Fed Pauses, Volatility Does Not
Second quarter returns were negative across most of the fixed income landscape. Every subsector of the Bloomberg U.S. Aggregate Bond Index (the Agg) posted negative absolute returns for the quarter while outperforming similar-duration Treasuries, which did even more poorly while exhibiting continued volatility.
Early in the quarter, the market was still digesting the impact of regional bank failures and weighing the potential for additional rate hikes from the Federal Reserve (Fed). The economic news was somewhat mixed as inflation measures continued to show progress, but employment numbers remained strong. The Fed’s response was measured; a quarter-point rate hike at its May meeting and a pause in June–breaking a streak of 10 straight meetings with a decision to raise rates. Yields on Treasuries moved higher across the entire curve, and the 2s/10s curve inversion (the excess of the yield on 2-year Treasuries versus 10-year Treasuries) finished the quarter at its most extreme level since 1981.
Corporate bond spreads were mixed over the first two months of the quarter. June was marked by a relatively strong first quarter earnings season and continued economic resilience, which led to spreads finishing the quarter generally tighter across both investment grade (IG) and high yield (HY). In IG and HY, the most pronounced spread move (tighter) came from Financials. HY corporates were among the strongest-performing areas of fixed income for the quarter, led by the lowest-rated CCC category, as spreads tightened by double digits for all HY ratings categories. Concurrently, the high yield default rate increased by over a full percentage point as higher rates continue to take a toll on lower-quality issuers.
Read on for more details on the fixed income markets in the second quarter, and tune in here for continued analysis over the back half of 2023.
Returns were mixed in the second quarter. High yield corporates had the strongest absolute returns, while Treasuries were the weakest.
U.S. Treasury Market
Treasury yields rose across the entire curve, with more pronounced moves on the shorter end of the curve. The excess of the 2-year Treasury yield over the 10-year Treasury yield ended the quarter at 1.06% – the highest such inversion since 1981.
Returns were negative for Treasuries on all but the shortest maturities. Long Treasuries were the worst performer.
Broad Investment Grade
The Agg and all its sub-sectors posted negative returns for the quarter while outperforming similar-duration Treasuries. Year-to-date returns are still positive for all sub-sectors, led by long corporates.
Corporate spreads tightened in June and ended the quarter tighter than where they began. Current-coupon MBS spreads widened, although they tightened slightly in June.
Corporate bond returns were negative for the quarter in absolute terms but remain ahead of Treasuries. Returns are still solidly positive year-to-date, led by BBBs.
Investment grade corporate spreads tightened for all sectors. The most pronounced moves tighter were in Financials, Transportation, and Technology – all of which realized most of the quarter’s spread move in June.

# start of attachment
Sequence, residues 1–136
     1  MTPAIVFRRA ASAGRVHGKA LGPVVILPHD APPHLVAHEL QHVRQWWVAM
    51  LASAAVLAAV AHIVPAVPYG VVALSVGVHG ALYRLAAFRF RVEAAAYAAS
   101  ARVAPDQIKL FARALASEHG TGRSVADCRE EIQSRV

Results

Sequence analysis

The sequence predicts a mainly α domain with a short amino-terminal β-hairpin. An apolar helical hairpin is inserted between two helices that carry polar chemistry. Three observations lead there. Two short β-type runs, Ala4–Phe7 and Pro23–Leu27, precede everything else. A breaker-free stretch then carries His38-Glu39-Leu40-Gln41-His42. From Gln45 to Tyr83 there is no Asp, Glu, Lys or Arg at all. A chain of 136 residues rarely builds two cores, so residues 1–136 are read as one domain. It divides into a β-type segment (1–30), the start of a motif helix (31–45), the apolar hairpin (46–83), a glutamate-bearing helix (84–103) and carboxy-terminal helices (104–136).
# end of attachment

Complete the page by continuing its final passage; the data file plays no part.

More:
High yield corporates performed well in the quarter, as spreads tightened across all ratings categories. The strongest performing ratings category was CCC, which is up nearly 10% year to date.
Every high yield category aside from Utilities tightened for the quarter. Financials and Transportation tightened the most.
The number of high yield defaults over the last 12 months continues to inch higher, although the HY default rate remains low from a historical perspective.
Municipals & Other
Municipal bonds had a decent quarter relative to most fixed income categories. Yields on munis rose across virtually the entire spectrum of quality and duration.
Global IG Treasuries produced a loss in the quarter, but the remaining “other” sectors were positive. Convertibles and Leveraged Loans have produced the strongest returns for this group over the first half of the year.
This update provides an overview of certain broad-based Fixed Income benchmarks and does not include performance of the Segall Bryant & Hamill Fixed Income styles. Past performance cannot guarantee future results. All investments involve risk, including the possible loss of capital. All opinions expressed in this material are solely the opinions of Segall Bryant & Hamill. You should not treat any opinion expressed as a specific inducement to make a particular investment or follow a particular strategy, but only as an expression of the manager’s opinions. The opinions expressed are based upon information the manager considers reliable, but completeness or accuracy is not warranted, and it should not be relied upon as such. Market conditions are subject to change at any time, and no forecast can be guaranteed. Any and all information perceived from this material does not constitute financial, legal, tax or other professional advice and is not intended as a substitute for consultation with a qualified professional. The manager’s statements and opinions are subject to change without notice, and Segall Bryant & Hamill is not under any obligation to update or correct any information provided in this material.
1 Source: Bloomberg.
2 Source: Bank of America Merrill Lynch.
3 Hypothetical yields are calculated as the AA municipal yield divided by (1-tax rate). Actual tax-adjusted yields will depend on individual tax circumstances.
4 Source: Standard & Poor’s.